If ever there was a case of me reading a book with completely the wrong idea of what I was getting into, Flann O’Brien’s The Third Policeman would be it.
While described as a comedy in most synopses, this Irish novel from 1939 (though only published in 1967) was initially far closer to horrifying than humorous as I got about a third into it.
Try as I might, I found it difficult to see the lighter side of beating a frail old man to death for the purpose of relieving him of his money. The novel, in fact, seemed so dark that I checked several times to make sure I hadn’t picked up the wrong book or misread the synopsis.
It starts off innocently enough. The orphaned narrator discovers the work of De Selby, a fictionalised philosopher, at boarding school, and dedicates much of his time to studying him. When he returns to rural Ireland, he reunites with John Divney, who has been the caretaker for the narrator’s family farm and pub.
The narrator dreams of publishing a book on De Selby, while Divney continues maintaining the businesses. Both, however, soon realise that they are in dire need of money, and hatch a diabolical plan to procure some.
But just as one is lulled into a sense of confused acceptance, that The Third Policeman might possibly be some sort of crime novel, it takes a decided turn for the odd and out of the ordinary.
A character very improbably returns from death. The unnamed narrator begins talking to his own soul, whom he christens “Joe”. We hear about and later meet a group of rather unusual policemen, part of whose job seems to be to distribute mysterious gowns that reflect a person’s mortality. They also seem unusually obsessed with bicycles. Characters start speaking not so much in actual dialogue but what seem like non sequiturs. And sprinkled throughout are De Selby’s increasingly ludicrous philosophical musings.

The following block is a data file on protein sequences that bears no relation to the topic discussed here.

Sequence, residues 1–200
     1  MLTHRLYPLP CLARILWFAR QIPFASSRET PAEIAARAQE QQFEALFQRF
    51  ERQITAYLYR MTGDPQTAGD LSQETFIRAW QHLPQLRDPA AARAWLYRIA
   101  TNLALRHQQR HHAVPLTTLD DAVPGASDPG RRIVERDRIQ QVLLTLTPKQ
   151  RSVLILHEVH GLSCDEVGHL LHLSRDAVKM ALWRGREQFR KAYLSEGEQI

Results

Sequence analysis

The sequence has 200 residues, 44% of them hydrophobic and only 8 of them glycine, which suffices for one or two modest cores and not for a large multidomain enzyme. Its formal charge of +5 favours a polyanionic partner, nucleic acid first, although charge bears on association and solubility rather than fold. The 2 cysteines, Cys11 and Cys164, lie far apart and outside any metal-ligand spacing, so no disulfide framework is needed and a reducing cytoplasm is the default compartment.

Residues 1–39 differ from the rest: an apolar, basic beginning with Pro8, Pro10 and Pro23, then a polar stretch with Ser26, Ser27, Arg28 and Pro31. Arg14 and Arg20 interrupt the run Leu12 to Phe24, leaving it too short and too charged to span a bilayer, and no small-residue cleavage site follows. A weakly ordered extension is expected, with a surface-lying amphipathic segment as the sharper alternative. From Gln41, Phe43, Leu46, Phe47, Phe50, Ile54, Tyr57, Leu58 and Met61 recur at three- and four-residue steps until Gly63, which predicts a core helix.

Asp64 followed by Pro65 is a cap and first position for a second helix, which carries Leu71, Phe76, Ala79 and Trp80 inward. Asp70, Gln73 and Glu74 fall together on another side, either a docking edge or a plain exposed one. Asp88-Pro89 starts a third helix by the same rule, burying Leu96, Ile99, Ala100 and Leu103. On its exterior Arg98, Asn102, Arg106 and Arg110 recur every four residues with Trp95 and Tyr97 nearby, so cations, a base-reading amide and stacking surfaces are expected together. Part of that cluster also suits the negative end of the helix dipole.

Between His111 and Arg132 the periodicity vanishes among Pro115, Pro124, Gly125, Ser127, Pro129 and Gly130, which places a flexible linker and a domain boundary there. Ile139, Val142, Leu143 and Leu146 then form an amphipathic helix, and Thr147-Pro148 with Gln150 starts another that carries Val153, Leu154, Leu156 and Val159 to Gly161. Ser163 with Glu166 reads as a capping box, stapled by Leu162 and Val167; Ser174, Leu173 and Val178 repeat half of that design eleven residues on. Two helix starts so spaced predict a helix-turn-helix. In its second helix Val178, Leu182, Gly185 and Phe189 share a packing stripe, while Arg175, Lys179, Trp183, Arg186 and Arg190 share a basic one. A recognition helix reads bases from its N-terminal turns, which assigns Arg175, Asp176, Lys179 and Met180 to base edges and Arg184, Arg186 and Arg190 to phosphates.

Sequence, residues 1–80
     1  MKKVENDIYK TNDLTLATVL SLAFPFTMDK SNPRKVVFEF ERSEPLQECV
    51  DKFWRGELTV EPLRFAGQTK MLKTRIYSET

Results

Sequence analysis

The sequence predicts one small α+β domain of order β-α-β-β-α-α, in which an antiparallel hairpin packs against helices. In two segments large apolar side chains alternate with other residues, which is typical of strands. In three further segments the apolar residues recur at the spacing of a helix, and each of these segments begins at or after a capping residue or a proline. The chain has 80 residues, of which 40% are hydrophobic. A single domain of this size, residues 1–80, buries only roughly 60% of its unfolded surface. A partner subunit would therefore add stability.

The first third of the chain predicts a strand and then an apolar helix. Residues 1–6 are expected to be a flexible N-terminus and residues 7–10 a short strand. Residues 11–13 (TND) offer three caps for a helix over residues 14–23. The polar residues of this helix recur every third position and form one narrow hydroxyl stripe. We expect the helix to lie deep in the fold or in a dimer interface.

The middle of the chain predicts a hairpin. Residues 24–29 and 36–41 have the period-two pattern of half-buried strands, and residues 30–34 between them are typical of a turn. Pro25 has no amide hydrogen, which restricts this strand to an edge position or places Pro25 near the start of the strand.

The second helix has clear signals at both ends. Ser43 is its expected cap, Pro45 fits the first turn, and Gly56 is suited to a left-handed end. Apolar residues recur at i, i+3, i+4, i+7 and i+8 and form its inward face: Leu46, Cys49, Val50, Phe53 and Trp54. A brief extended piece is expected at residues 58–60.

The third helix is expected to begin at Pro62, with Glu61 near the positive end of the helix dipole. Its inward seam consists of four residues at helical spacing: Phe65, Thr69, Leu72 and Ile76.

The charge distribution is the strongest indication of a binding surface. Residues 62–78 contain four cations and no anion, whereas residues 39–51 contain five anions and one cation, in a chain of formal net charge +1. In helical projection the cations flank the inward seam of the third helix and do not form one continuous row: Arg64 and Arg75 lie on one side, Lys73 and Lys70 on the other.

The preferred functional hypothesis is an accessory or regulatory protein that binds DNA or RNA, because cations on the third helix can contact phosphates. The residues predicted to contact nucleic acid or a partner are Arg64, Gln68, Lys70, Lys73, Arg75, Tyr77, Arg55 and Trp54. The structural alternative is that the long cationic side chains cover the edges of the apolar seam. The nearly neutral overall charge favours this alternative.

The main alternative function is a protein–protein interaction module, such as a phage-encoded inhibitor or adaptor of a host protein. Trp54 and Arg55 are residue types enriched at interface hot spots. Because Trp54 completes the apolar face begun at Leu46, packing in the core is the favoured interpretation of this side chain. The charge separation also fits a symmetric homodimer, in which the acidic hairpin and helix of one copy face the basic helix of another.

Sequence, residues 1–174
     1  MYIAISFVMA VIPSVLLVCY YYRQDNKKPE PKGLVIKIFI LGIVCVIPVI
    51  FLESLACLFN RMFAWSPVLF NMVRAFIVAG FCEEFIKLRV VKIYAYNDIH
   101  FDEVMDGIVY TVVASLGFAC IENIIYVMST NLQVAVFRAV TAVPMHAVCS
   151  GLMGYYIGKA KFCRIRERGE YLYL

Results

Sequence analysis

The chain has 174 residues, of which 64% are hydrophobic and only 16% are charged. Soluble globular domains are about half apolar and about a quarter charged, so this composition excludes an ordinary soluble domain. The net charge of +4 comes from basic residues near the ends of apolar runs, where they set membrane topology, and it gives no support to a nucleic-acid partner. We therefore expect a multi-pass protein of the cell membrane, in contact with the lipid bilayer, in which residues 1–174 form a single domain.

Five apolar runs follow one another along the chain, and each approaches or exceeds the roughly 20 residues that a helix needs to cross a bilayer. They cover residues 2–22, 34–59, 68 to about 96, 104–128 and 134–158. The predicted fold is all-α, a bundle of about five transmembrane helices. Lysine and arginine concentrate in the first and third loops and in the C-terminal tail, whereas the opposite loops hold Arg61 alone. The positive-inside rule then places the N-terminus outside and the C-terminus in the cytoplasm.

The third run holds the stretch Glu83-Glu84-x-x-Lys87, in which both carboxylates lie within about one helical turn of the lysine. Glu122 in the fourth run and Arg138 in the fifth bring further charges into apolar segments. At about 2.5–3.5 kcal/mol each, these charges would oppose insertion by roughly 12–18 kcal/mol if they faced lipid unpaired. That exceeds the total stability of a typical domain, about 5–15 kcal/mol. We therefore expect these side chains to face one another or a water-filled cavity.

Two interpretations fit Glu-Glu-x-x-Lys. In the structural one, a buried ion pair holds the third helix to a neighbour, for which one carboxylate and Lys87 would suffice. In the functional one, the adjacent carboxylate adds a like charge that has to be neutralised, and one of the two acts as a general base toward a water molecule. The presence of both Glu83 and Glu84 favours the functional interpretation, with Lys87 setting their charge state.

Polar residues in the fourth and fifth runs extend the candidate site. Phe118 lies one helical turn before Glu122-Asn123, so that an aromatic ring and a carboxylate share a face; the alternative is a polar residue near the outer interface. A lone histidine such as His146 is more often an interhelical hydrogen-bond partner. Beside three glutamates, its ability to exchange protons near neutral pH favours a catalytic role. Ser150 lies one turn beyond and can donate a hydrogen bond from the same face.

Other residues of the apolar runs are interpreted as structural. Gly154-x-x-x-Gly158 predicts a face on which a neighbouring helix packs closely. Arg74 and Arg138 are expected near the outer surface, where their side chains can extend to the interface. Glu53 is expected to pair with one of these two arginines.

It is somewhere around this point that one begins to see how O’Brien has skilfully laid the groundwork for what seemed like a rather predictable story to rapidly evolve into surrealist satire, or perhaps a postmodernist critique of both storytelling and philosophy.
It was also around this time that the book began reminding me of one of my favourite film subgenres: the comedy mind**** movie. Movies like Spike Jonze and Charlie Kaufman’s Being John Malkovich, Joel and Ethan Coen’s Burn After Reading, and Drew Goddard and Joss Whedon’s Cabin In The Woods – where humour and decidedly dark happenings intertwine to tell a story that both plays with much larger themes and messes with your perception of reality.
O’Brien apparently counted James Joyce and Franz Kafka amongst his influences, and this is quite obvious in the novel. While O’Brien’s narrative and writing style is very different from his fellow Irishman Joyce, there is a distinct inclination towards bleak humour that seems to unite them. It isn’t difficult, meanwhile, to see strains of Kafka’s disturbing blend of realism and fantasy throughout O’Brien’s work.
As the book winds towards a wholly unexpected ending, the full genius of O’Brien’s writing becomes apparent, much like those aforementioned movies where you spend most of the time wondering what the heck is going on, before being completely blown away once the big picture becomes clear.
In fact, I now have a great desire to see Jonze, Whedon or the Coen brothers adapt The Third Policeman for the big screen.
Sharmilla Ganesan is reading her way through the titles in 1001 Books You Must Read Before You Die. Join the conversation at facebook.com/BeBookedOut or Tweet @SharmillaG.